Know and Reduce the Risks of Heart Disease
By: Teneasha Washington
Coronary heart disease, also known as heart disease, is the leading cause of death among both women and men. Heart disease accounts for more than 17.3 million deaths each year. By 2030, it is estimated that more than 23.6 million people will develop the disease. It costs the United States about $207 billion every year. During the month of February, health care providers and local and national heart disease organizations focus on educating the community about the effects of heart disease.
Source: Center’s for Disease Control and Prevention Interactive Atlas of Heart Disease and Stroke
According to the Centers for Disease Control and Prevention (CDC), there are a number of risk factors that can increase an individual’s risk of developing heart disease, including:
- High blood pressure
- High LDL cholesterol
- Poor diet
- Physical inactivity
- Overweight and obesity
About 50 percent of individuals effected by heart disease have at least one of the following: high blood pressure, high LDL cholesterol, and/or engage in smoking.
Disparities in Heart Disease
There are a number of racial and ethnic disparities seen among individuals with heart disease. Differences can also be seen among genders. According to CDC, about 8.5 percent of white men, 7.9 percent of African American men, and 6.3 percent of Mexican American men have heart disease. Oftentimes, heart disease can cause death without any obvious warnings. In fact, about 50 percent of men who die from heart disease report not having symptoms.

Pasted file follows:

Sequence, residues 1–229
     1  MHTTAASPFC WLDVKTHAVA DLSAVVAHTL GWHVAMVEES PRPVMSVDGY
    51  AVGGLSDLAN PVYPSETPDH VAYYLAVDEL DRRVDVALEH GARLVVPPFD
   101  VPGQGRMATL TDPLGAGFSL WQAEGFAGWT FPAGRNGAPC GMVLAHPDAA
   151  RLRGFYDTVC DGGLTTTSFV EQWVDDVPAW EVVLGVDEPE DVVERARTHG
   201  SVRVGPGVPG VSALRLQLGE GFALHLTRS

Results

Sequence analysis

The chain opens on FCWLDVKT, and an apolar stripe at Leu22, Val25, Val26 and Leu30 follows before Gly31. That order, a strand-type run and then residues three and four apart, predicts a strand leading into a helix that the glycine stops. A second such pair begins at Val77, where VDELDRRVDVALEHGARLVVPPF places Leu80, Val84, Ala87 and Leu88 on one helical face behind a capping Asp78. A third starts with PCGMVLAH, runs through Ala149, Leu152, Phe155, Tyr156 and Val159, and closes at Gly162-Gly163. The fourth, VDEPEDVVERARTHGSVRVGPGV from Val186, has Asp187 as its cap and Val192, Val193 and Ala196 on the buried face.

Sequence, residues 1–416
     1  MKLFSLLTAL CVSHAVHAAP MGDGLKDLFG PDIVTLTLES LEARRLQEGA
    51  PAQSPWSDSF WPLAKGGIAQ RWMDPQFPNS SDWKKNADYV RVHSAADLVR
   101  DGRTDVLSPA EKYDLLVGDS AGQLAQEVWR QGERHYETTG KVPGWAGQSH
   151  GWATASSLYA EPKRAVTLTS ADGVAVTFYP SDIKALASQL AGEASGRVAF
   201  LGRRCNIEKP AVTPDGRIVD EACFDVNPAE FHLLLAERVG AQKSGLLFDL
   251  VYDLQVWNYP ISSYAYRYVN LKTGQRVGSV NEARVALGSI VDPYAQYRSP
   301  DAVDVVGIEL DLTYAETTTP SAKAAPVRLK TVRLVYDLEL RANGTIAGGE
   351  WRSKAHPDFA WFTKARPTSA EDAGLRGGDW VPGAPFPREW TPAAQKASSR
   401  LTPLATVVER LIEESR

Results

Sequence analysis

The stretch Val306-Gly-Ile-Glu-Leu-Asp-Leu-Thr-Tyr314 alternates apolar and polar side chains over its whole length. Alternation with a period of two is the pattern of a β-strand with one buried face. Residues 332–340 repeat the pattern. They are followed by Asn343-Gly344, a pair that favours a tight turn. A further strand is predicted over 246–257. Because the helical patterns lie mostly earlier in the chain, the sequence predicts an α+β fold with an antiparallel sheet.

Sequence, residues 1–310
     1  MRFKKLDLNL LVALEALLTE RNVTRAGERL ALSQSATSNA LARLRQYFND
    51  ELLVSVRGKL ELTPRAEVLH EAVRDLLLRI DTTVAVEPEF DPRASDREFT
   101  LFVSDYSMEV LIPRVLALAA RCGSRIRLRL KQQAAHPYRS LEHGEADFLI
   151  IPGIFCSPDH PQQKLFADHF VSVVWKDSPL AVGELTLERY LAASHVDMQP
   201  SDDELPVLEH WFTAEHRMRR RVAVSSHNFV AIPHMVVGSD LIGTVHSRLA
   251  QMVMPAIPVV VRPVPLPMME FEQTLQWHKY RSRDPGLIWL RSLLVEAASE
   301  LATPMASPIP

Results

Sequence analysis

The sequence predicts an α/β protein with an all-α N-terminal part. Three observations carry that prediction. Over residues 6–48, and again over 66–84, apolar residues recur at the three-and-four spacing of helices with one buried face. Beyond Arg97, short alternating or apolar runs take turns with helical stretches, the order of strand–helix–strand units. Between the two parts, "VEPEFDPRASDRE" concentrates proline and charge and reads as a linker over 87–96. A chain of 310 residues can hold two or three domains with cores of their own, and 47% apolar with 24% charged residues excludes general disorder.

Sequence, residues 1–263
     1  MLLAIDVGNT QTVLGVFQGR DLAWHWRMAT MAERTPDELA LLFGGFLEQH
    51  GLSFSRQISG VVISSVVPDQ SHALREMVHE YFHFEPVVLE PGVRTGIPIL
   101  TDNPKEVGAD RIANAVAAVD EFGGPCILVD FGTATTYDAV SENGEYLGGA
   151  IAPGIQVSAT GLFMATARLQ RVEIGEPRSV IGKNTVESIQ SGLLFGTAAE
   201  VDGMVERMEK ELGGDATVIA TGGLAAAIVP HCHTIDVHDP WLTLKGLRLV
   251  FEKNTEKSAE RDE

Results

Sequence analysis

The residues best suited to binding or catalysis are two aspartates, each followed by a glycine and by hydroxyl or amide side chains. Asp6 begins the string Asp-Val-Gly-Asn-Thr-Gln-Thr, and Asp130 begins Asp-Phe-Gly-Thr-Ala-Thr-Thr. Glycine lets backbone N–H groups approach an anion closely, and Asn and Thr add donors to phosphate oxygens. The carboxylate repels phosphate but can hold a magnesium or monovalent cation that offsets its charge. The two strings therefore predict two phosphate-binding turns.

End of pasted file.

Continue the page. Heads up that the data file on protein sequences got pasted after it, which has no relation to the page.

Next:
African American women and white women have the highest heart disease death rate. According to CDC, 5.8 percent of white women, 7.6 percent of African American women, and 5.6 percent of Mexican American women have heart disease. Over 60 percent of women who died from heart disease had no previous symptoms.
Know Your Risk and Reduce It
There are a number of ways to be screened for risk factors associated with heart disease, such as having regular blood pressure checkups as higher blood pressure can lead to heart disease. Also, make sure to talk to your healthcare provider about being tested for diabetes. Prolonged diabetes can increase your risks of heart disease. If you currently smoke, quitting can reduce your risk of developing heart disease and a number of other poor health conditions. You should also get your cholesterol and triglycerides tested when visiting your health care provider. It is also important to practice healthy food choices and proper exercise.